Researchers have found people don't know the risks associated with fresh chicken and say retailers should do much more to inform shoppers.
A University of Otago, Wellington study, published last week in the international journal BMC Public Health, found only 15 percent of consumers were aware that most of fresh chicken meat for sale in New Zealand is contaminated with Campylobacter.
The researchers also found deficiencies in the safety information provided to consumers on labels, with butchery labels in particular lacking any chicken preparation information.
"New Zealand has one of the highest rates of campylobacteriosis in the world and at least half of cases can be attributed to contaminated chicken," says Philip Allan, one of the study's authors and a medical student attached to the Department of Public Health.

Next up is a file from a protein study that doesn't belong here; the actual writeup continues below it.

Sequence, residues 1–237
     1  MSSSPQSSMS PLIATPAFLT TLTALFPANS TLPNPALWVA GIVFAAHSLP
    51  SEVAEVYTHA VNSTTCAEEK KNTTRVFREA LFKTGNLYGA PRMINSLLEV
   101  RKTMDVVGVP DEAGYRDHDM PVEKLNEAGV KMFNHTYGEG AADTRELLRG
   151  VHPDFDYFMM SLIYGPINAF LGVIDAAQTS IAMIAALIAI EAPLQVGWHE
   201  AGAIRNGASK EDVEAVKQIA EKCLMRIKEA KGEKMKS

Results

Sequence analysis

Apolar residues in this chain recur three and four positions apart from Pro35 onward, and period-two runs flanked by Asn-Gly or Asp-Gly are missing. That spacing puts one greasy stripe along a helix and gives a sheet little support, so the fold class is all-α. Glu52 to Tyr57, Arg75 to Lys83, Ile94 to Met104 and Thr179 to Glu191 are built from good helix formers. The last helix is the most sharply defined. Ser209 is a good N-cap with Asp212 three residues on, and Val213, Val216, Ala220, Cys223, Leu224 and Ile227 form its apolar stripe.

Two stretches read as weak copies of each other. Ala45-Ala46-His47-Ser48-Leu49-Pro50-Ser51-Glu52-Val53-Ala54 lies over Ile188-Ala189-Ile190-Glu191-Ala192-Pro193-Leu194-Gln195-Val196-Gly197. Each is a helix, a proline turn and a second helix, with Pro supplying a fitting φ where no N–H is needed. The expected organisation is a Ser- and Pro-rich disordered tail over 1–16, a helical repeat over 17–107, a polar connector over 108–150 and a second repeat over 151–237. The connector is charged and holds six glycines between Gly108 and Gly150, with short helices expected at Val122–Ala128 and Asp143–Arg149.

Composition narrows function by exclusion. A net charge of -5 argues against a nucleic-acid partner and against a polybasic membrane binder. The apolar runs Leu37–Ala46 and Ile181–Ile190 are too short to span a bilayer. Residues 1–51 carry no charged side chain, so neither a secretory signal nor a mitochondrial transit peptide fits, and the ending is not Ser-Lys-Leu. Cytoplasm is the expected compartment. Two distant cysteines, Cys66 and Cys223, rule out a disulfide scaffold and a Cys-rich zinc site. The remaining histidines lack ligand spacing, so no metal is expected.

Most survey participants were aware of the need to thoroughly cook chicken and to use separate utensils during preparation, but many were unaware that rinsing fresh chicken under the tap could spread the infection or that freezing chicken reduced Campylobacter contamination.
The study authors expect food safety regulators and chicken producers and retailers to be taking all reasonable steps to protect consumers.
They say there is no requirement to include safety information on fresh poultry packaged in supermarkets or butchers - where labels are present the font is often tiny and barely readable.
No labels even mentioned the word Campylobacter, the authors said.
This bacteria causes campylobacteriosis, a severe form of gastroenteritis that hospitalises about 600 people each year in New Zealand and paralyses an estimated 30 others with Guillain-Barre syndrome.
The study was based on interviews with 401 shoppers over the age of 16 years recruited outside 12 supermarkets and six butcheries in the Wellington Region.